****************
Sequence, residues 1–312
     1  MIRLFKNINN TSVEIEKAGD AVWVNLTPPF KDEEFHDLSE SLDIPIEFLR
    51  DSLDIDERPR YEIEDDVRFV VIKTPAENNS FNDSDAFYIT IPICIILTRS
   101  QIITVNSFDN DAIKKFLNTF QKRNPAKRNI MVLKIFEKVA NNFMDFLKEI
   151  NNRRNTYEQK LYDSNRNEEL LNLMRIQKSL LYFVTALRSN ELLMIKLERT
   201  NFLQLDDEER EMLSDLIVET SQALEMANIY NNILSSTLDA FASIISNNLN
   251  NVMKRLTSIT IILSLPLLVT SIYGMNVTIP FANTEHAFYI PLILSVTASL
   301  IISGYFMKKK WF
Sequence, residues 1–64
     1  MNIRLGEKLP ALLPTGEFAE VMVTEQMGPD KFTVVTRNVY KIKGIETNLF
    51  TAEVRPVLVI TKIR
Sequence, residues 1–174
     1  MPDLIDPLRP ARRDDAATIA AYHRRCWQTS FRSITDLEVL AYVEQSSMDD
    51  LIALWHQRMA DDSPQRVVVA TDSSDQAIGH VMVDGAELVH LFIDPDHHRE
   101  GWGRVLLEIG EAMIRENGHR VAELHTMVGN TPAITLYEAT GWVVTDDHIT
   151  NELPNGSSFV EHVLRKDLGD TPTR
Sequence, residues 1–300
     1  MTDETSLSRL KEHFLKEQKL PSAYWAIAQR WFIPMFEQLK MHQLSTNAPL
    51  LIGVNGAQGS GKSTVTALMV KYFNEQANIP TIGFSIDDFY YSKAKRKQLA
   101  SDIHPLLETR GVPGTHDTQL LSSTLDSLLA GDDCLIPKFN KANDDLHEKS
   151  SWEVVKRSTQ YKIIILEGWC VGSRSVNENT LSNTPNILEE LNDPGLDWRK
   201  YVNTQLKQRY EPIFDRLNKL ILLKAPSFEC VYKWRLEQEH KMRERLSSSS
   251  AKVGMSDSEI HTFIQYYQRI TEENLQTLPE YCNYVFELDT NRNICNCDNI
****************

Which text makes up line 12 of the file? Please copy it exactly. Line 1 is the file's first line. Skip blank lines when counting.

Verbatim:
Sequence, residues 1–174